The section reads like a micro-history of Atlanta's contemporary reputation. As Thompson points out, the city has a long-standing tradition of resting on the shoulders of businessmen moved by the "implacable engine of capitalism," beginning with Henry Grady, the entrepreneur and newspaperman largely credited with arranging for New York investors to come and set up shop in exchange for cheap, non-unionized labor. Thompson also cleverly breaks down the reason Atlanta thrived in the afterglow of the civil rights era, when its sister city, Birmingham, began a long, wheezing implosion that's still happening: "What kept us from turning into another Birmingham, with its fire hoses and snarling police dogs, was simply that racial turmoil was bad for business. . . . What Atlanta had and Birmingham did not have was a sizable black middle class with economic clout, and a critical mass of black leadership."
This black leadership, as equally class-conscious as white leadership, also becomes a player in big business. Thompson portrays former Mayor Maynard Jackson as a perfect example of this two-fisted mobility.
Despite his bespoke suits and the freshly laundered handkerchief he always carried in his front pocket, Jackson did care about the working class, and the major accomplishment of his time as mayor was a huge increase in the percentage of city contracts awarded to minority firms. On the other hand, as a member of Atlanta's black elite, he was also perfectly prepared to issue instructions for the betterment of his social inferiors.
With that shaky heritage in place, Thompson visits the Atlanta of today, with its white minority (38%, according to the 2010 census) and its impressive black remigration—according to Thompson's data, the area claims one-fifth of black population gains in any major city throughout the United States. But, interestingly enough, this massive influx also inadvertently reveals the giant cross-section of wealth disparity in the black community.
In one example of the city's dysfunctional operations, Thompson catalogs the entire 1996 Olympics fiasco; "private funding" netted $5.1 billion in revenue for well-connected cronies, and taxpayers still coughed up $1 billion for necessary infrastructure improvements. This is now considered a perfect exercise in Atlanta's ravenous desire to appear viable and cosmopolitan on a global scale at the cost of its much-needed natural resources or affordable housing for its residents.
The New Mind of the South is an expansive study, but there are some noticeable gaps. If one were to sketch out the path of Thompson's non-Atlanta reportage on a map, there would be a large red mark on the Atlantic Seaboard, mostly in Virginia, where she attends a moribund United Daughters of the Confederacy conference, and on North Carolina, where she sits in on a Saturday morning gathering of the Randolph County Hispanic Association (North Carolina, Thompson reports, has seen a 274% increase in its foreign-born residents in the past twenty-three years). Then ticks appear on the map at Oxford and Clarksdale, Mississippi, in a revealing community profile that seems like a missed opportunity for a disarming and in-depth contrast between the two places (as opposed to just focusing on how socioeconomically devastated Clarksdale is, which seems like a foregone conclusion).
That's not to say that Thompson's research isn't impressive in its scope and probity or even inconclusive; she's just overlooked some key talking points. What about Louisiana, one of the greatest sites for analyses of race, not just historically, but even down to its current governor (and likely 2016 presidential hopeful) being a first-generation American, born to immigrants from India? What about South Carolina, whose Governor Haley represents a similar demographic of the new conservatism? Or, while talking about how immigrant populations have impacted the South, why not report from the front lines of working-class Alabama towns, where the most restrictive anti-immigration legislation has effectively devastated the workforce? Sure, it would likely take about five more years of exhaustive research, but if the New South could be categorized, these political landscapes would surely be part of its definition.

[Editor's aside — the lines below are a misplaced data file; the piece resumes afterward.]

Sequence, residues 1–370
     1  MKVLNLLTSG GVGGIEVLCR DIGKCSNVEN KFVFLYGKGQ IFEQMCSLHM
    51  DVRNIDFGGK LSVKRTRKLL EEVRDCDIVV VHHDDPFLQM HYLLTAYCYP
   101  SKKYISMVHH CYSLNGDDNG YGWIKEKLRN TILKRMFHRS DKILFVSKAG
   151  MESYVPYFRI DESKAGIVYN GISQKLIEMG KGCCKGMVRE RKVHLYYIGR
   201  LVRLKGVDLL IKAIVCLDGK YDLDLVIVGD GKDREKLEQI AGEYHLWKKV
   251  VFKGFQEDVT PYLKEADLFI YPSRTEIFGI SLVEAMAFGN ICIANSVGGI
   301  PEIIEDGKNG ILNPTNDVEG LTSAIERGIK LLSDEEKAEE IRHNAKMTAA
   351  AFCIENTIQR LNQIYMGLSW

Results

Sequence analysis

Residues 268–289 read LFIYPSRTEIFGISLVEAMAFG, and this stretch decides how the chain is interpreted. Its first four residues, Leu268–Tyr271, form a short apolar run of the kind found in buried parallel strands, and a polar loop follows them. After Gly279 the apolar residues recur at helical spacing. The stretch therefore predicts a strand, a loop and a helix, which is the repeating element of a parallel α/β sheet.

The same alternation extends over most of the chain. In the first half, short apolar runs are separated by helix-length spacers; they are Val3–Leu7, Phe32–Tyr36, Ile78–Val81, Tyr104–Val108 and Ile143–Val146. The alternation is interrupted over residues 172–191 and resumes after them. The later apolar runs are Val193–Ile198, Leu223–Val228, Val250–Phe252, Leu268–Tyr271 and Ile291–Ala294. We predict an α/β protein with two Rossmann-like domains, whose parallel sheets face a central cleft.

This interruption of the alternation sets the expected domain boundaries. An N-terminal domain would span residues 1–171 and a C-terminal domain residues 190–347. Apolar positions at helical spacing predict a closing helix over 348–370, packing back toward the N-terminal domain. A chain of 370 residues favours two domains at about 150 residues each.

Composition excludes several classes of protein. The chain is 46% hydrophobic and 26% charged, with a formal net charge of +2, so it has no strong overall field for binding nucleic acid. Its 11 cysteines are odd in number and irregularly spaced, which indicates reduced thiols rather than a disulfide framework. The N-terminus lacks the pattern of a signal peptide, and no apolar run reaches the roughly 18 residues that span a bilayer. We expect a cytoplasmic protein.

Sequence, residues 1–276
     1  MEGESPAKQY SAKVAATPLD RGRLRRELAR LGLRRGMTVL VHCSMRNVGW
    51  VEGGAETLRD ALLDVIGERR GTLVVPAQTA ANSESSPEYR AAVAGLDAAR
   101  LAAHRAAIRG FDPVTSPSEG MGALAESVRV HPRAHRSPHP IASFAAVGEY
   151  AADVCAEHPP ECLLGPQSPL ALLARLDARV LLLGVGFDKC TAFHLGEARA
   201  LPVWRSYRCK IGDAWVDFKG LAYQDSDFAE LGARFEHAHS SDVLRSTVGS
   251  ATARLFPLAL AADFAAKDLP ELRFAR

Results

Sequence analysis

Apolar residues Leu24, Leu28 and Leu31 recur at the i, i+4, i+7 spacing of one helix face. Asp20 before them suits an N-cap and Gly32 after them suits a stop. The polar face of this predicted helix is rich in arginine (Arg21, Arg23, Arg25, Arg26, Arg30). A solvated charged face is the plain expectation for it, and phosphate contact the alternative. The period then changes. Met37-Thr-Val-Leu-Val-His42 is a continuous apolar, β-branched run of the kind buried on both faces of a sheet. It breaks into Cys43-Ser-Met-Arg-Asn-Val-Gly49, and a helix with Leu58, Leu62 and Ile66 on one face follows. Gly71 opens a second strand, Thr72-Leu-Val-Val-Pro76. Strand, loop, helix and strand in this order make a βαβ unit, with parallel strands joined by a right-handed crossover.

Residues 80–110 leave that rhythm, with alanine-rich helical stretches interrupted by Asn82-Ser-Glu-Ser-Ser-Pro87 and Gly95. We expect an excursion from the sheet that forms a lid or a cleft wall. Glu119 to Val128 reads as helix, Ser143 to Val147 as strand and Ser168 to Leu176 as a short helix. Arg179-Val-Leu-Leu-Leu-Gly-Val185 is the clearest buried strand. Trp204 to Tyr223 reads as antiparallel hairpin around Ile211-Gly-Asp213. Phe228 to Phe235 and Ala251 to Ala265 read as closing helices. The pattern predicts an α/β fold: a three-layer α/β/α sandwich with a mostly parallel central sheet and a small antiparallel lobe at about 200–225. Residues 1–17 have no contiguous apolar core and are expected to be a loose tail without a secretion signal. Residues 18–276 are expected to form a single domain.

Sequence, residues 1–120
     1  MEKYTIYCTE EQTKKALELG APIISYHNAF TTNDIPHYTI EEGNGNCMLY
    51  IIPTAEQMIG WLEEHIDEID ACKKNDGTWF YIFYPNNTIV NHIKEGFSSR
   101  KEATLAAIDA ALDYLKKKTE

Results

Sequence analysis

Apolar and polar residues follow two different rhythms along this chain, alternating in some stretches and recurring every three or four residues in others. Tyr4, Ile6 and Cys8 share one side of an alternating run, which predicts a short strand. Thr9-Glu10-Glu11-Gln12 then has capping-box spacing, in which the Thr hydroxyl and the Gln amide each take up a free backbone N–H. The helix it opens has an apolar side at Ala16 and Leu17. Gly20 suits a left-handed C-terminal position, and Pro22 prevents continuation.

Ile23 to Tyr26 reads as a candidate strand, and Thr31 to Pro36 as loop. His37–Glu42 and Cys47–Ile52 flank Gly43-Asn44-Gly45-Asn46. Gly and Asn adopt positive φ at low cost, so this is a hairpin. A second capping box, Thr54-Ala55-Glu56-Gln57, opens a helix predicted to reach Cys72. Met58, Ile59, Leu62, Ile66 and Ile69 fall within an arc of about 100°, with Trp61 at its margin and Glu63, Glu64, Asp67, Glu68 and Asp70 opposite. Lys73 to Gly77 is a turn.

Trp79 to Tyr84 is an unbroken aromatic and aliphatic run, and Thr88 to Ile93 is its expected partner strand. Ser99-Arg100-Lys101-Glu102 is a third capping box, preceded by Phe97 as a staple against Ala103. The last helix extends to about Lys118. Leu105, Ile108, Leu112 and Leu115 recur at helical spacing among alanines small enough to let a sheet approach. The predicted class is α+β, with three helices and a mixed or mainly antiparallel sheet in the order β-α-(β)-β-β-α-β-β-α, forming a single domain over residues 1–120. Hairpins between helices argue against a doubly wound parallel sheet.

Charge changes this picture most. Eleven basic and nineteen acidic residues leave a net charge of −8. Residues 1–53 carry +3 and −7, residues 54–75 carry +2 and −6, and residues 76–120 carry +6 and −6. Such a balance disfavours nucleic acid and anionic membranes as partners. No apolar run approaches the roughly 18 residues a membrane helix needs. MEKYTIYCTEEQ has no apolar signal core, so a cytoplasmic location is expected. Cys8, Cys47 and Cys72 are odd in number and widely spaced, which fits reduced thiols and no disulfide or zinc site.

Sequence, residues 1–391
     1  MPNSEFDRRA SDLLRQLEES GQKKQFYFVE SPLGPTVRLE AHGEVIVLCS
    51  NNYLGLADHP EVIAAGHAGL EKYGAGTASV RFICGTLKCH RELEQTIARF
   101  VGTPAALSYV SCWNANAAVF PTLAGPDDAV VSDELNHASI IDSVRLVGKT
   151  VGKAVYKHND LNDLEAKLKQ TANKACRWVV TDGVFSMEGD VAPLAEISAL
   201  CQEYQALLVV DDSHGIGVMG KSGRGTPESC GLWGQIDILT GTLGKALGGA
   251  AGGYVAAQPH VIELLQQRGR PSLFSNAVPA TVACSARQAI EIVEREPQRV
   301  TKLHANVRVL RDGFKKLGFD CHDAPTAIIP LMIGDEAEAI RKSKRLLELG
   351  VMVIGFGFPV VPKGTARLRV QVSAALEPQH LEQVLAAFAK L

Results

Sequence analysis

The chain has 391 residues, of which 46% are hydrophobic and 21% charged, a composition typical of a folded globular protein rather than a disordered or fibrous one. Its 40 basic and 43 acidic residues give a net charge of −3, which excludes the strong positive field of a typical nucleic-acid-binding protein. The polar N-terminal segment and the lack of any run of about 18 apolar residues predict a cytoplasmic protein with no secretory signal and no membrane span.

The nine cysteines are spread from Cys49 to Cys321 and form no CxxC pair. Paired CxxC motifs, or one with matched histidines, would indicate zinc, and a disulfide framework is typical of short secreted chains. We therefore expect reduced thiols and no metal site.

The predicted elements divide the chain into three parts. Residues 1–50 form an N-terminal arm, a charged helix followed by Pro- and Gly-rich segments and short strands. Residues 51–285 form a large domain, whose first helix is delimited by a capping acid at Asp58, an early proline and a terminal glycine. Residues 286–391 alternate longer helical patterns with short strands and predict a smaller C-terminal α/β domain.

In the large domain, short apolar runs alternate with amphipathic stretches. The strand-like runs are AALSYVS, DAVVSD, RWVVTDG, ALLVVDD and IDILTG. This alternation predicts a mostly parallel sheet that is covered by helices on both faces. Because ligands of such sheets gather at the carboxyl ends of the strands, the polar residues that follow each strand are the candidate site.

Besides reporting from disparate locations in the region, Thompson strives, however unevenly, to mention the regional customs that Southerners perform in conversation with each other. This encompasses anything from "placing someone"—asking where they're from and what their daddy does—to dotingly calling a perfect stranger "baby." To Thompson, this kind of friendly impulse to relate seems largely esoteric. However, she's been away for twenty-odd years, and as archetypal as these habits may sound, they're still the self-reflexive gestures Southerners make when found outside of their comfort zones. They're the reason I eased into a conversation in Paris with a rich white lady with whom I have basically nothing in common other than my race and regional affiliation. And even though that Houston woman is arguably of the same generation as Thompson, her biography—1960s Atlanta, black maids—is not my biography. I know Atlanta through its looming cultural shadow over the wee Birmingham of my youth, through hip-hop songs that were chart-toppers in the late '90s and early aughts, and now, through the Bravo network. In Thompson's terms, I am of the New South, which is a culture that is influenced as much by its black heritage as its white, with only a begrudging and historically ensconced separation. As Thompson correctly infers throughout her book, even two post-civil rights generations hailing from nearly the same location, the Atlanta-bred woman and myself, are so intrinsically different that we're barely capable of having a polite conversation about our shared culture. It's what the author posits early on when she describes the nuances of "Southernness" as "what the South has always done, which is to morph into something else when everyone—including us—least expects it." While The New Mind of the South has its flaws, it's high time that we're given an unflinching and accurate characterization of this place that has grown so different in even the last thirty years, despite sometimes clamoring to remain the same.
The New Mind of the South by Tracy Thompson
Simon & Schuster
272 pages / $26